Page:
- Maximus the Confessor and St. Agnes (January 21). St. Maximus is very interesting Father of the Church. He wrote a great deal on sin and how we can grow in likeness to Christ by giving our desires to God and allowing Him to untangle our distortions. St. Agnes is an important female saint who incidentally is a patron of chastity and victims of sexual assault. For those who are struggling to follow through on New Years resolutions to grow in purity, these saints are great prayer partners and certainly deserving of our recognition—particularly in a culture that is cast in the multi-shaded grey shadow of degradation and violence which masquerades as a form of love. To celebrate this feast consider honoring someone who has chosen a dedicated or vowed religious life for the great gift they give the church as men and women who live lives of heroic sacrifice and prayer. Consider giving a donation to a religious or monastic order or to those who work for the healing or prevention, in Christ, of victims of sexual abuse. (NASHI http://www.nashi.ca/home/ or Home of HOPE http://ourbridgeofhope.com are charities which help keep youth out of the sex trade would be ones to consider)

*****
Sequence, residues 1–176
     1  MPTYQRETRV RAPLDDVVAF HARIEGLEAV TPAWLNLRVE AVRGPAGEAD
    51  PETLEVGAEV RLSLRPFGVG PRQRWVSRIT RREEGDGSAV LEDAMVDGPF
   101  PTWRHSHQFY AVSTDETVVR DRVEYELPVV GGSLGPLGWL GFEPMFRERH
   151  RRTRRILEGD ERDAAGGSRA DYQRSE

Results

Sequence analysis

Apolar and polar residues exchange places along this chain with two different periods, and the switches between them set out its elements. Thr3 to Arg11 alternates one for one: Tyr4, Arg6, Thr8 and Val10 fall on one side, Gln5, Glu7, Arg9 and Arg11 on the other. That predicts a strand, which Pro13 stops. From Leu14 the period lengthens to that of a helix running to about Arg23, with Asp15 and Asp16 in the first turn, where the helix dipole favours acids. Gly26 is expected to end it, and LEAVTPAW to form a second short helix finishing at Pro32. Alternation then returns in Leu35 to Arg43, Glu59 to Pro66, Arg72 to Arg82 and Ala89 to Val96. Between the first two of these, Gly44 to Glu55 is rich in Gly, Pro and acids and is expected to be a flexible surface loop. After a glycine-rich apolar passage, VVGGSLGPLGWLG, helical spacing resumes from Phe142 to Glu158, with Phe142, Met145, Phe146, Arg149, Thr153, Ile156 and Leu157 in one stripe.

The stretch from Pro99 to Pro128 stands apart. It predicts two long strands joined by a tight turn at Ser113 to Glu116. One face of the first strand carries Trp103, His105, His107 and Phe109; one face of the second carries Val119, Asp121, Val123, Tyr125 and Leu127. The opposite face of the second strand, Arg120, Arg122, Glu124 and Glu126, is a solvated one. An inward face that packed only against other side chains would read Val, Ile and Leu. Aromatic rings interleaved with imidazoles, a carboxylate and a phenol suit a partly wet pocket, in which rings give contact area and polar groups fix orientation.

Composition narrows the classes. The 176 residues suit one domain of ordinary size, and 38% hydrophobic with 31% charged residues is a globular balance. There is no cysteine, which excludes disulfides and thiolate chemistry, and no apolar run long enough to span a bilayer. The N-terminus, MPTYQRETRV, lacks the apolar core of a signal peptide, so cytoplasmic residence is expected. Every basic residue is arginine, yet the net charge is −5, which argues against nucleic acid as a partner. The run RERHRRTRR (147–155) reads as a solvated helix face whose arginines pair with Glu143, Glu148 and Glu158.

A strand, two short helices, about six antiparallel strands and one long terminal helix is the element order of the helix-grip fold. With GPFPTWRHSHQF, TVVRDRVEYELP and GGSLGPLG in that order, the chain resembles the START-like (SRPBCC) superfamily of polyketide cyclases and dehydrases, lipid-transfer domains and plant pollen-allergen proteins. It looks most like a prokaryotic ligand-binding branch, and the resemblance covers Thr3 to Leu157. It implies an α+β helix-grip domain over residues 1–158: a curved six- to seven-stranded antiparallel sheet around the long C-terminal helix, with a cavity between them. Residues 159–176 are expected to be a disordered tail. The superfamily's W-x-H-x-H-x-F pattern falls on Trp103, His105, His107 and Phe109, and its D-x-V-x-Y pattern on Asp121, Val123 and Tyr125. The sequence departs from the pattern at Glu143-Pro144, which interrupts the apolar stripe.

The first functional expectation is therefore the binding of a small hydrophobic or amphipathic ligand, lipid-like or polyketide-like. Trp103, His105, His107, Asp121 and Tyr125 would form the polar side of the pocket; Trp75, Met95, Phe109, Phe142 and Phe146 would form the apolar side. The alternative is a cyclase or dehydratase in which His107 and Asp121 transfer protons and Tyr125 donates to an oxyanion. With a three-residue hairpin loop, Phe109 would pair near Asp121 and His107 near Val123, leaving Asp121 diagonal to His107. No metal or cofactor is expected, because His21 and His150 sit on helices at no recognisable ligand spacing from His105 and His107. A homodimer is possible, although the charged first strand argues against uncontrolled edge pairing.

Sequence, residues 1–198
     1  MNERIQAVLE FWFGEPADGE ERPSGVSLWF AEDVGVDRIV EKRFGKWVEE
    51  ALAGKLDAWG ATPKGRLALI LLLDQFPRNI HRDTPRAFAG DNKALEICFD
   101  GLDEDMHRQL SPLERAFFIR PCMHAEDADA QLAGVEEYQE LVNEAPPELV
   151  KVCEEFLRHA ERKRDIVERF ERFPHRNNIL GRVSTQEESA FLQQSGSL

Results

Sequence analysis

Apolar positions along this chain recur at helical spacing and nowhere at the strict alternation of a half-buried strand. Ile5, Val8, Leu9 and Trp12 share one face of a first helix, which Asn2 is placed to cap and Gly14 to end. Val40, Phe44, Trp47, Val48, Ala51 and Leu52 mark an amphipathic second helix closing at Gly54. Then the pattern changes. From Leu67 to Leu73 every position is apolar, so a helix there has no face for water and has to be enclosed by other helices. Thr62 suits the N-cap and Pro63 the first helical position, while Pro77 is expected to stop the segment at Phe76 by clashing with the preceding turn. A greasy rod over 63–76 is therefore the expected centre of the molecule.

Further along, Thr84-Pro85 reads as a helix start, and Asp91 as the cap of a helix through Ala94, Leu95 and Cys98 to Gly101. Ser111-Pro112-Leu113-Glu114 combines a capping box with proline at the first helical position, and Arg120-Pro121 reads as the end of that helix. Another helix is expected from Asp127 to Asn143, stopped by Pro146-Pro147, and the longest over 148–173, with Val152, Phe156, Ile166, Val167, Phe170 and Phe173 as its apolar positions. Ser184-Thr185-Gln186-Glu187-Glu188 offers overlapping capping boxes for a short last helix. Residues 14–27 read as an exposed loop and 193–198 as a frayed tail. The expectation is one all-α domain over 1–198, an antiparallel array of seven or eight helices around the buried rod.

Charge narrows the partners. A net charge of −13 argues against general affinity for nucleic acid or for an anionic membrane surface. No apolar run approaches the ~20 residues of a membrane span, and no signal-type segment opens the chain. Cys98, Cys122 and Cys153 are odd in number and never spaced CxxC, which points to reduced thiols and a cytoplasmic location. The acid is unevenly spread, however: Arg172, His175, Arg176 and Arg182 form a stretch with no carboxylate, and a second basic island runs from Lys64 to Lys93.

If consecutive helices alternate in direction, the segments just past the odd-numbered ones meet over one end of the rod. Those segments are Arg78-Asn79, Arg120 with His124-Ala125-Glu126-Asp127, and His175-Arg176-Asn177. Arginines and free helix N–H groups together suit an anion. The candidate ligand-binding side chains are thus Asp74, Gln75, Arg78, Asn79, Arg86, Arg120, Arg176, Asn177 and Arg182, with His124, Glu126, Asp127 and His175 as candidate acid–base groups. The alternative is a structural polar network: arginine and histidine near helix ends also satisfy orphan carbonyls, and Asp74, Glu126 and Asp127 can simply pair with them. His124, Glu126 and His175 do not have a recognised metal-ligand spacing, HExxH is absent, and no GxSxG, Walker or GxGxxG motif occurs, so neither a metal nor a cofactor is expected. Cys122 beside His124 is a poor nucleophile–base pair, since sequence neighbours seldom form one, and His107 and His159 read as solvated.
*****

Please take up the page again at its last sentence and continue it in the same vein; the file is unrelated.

- Macarius of Egypt (Jan. 19) was a holy monk who was shown by God that whatever state of life we are in can be a source of growth in holiness. (So it is not just through the religious life one can achieve sanctity). To celebrate this saint consider having date night on or around the 19th of January or find some other way to honor your spouse and the gift they are to you and your family. If you are not married perhaps find a way to honor a married couple you know who exemplify to you the virtues of holy matrimony.
(Recommended sites for reading about the saints of the day is the Royal Doors Ukrainian Greek Catholic website. As well there is often good information which can be found on the Greek Orthodox and Orthodox Church of America or Wikipedia sites—which though not specifically Catholic sites have some very interesting information.)
I hope these suggestions will be helpful to you and your family in keeping the spirit of Christmas alive and well throughout January, making your home a place to encounter the living Christ.
Christ is born! Glorify Him!